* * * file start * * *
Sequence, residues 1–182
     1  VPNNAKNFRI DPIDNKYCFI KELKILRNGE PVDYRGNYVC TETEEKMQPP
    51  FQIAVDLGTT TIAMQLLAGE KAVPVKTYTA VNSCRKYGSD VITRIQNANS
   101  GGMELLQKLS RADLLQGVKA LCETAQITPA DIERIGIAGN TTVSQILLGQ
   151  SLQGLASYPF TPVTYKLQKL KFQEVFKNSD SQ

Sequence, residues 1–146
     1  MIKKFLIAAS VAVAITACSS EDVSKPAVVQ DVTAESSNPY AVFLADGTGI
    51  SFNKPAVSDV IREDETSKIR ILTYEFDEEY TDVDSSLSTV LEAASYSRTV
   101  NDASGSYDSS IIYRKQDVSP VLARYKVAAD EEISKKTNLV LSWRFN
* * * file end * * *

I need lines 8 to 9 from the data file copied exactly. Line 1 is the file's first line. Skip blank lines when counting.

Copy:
    51  SFNKPAVSDV IREDETSKIR ILTYEFDEEY TDVDSSLSTV LEAASYSRTV
   101  NDASGSYDSS IIYRKQDVSP VLARYKVAAD EEISKKTNLV LSWRFN